On November 14, SpaceX’s Crew Dragon spacecraft launched from NASA’s Kennedy Space Center in Florida carrying a crew of four people to the International Space Station (ISS) on a six-month-long mission.
Significantly, just ahead of the mission, NASA certified SpaceX’s Crew Dragon capsule and the Falcon 9 rocket, making it the first spacecraft certification provided by the space agency. This means SpaceX can now operate regular flights to the space station.
Boeing and SpaceX were selected by NASA in September 2014 to develop transportation systems meant to transfer crew from the US to the ISS. “These integrated spacecraft, rockets and associated systems will carry up to four astronauts on NASA missions, maintaining a space station crew of seven to maximize time dedicated to scientific research on the orbiting laboratory,” the NASA website says.
Earlier in May, NASA’s SpaceX Demo-2 test flight lifted off for the ISS, becoming the first crewed flight to launch from American soil since the conclusion of the space shuttle era in 2011.
The mission is part of NASA’s Commercial Crew Program, whose objective is to make access to space easier in terms of its cost, so that cargo and crew can be easily transported to and from the ISS, enabling greater scientific research.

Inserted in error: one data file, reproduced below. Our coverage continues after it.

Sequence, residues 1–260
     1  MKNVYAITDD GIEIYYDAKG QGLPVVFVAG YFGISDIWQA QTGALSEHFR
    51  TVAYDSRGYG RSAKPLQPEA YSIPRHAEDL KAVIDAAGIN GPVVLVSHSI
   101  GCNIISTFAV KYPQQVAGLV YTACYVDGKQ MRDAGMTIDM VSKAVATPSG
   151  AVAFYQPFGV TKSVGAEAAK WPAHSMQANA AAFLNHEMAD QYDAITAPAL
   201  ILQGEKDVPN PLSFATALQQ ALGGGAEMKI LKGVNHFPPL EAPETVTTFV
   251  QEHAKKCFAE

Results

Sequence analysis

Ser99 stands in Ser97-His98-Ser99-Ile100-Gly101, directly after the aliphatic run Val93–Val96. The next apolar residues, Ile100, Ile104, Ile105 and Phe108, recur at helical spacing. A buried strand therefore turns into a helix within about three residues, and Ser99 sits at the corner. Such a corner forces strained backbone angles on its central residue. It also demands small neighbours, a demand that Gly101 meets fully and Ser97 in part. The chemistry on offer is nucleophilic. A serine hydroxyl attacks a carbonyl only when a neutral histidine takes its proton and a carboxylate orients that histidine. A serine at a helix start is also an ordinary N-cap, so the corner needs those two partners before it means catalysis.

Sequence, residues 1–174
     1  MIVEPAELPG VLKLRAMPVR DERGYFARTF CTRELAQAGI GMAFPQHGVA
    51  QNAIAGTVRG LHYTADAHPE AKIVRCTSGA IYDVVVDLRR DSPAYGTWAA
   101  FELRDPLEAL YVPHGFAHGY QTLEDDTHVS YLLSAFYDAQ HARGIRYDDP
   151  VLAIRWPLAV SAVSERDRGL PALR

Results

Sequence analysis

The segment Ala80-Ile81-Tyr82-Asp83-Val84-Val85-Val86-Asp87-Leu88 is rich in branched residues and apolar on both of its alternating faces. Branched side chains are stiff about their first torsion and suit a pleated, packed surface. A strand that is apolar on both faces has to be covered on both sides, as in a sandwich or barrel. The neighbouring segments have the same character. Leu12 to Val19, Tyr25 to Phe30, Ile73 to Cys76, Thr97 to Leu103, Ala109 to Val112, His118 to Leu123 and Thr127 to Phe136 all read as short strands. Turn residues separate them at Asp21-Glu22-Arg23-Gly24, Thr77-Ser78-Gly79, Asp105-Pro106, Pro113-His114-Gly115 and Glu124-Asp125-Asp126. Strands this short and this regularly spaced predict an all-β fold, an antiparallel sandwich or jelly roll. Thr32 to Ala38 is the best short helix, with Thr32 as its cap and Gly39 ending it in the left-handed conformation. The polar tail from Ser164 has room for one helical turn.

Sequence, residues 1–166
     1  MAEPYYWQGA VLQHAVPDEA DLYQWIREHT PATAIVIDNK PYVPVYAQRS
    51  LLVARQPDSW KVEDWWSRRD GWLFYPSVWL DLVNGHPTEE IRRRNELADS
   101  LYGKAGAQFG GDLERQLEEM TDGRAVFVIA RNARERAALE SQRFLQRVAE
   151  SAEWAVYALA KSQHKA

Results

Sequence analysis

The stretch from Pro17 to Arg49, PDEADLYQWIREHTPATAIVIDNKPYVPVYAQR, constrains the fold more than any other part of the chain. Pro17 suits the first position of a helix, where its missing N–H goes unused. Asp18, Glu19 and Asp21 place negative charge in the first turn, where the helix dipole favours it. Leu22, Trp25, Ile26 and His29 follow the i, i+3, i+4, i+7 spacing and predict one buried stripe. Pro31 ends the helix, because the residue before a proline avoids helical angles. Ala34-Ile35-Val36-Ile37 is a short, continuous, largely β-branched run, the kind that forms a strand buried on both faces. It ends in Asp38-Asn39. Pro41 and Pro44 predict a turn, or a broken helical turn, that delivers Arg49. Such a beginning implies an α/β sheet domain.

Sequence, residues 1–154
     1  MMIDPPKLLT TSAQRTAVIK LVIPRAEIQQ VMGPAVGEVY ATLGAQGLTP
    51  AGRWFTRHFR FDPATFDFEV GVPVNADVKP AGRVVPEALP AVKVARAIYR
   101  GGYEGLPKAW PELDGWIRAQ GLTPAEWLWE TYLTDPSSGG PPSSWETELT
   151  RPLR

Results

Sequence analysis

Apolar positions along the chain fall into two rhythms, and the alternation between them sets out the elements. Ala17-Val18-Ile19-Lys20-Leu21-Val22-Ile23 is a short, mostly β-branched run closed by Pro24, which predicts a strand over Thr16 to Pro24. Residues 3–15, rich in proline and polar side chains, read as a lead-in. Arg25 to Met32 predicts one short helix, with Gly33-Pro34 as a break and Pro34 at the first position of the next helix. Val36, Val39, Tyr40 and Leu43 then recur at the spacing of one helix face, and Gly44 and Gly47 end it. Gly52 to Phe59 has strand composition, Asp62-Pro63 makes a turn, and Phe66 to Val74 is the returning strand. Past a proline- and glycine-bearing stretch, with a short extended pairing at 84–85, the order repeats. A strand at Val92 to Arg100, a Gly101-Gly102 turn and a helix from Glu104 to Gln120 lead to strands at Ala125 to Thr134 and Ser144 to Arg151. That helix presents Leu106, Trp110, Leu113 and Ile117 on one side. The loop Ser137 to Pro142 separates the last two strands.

The Crew-1 mission will launch the agency’s astronauts Michael Hopkins, Victor Glover and Shannon Walker along with Japan Aerospace Exploration Agency (JAXA) mission specialist Soichi Noguchi from Launch Complex 39A at the Kennedy Space Center. At the ISS, the crew will join the members of Expedition 64, the space station crew currently in residence at the ISS.
Significantly, Crew-1 will be the first operational flight of the SpaceX Crew Dragon spacecraft on a Falcon 9 rocket to the ISS and is the first of the three scheduled flights scheduled over the course of 2020-2021.
The goals of the mission are the same as that of Expedition 1 that lifted off 20 years ago. NASA has called both of these ISS missions “historic”. At the ISS, the Crew-1 team will join members of Expedition 64 and conduct microgravity studies and deliver new science hardware and experiments that they will carry with them to space aboard the Crew Dragon spacecraft.
Some of the research that the crew is carrying with themselves includes materials to investigate food physiology, which will study the effects of dietary improvements on immune function and the gut microbiome and how those improvements can help crews adapt to spaceflight. Once in orbit, NASA astronaut Glover will collect samples to provide data to scientists back on Earth so that they can continue to study how dietary changes affect his body.
Another experiment aboard the Crew Dragon is a student-designed experiment titled, “Genes in Space-7” that aims to understand how spaceflight affects brain function.
Other experiments include research that will enable scientists to understand the physical interactions of liquid, rocks and microorganisms, experiment on the role of microgravity on human health and another on how microgravity affects heart tissue.
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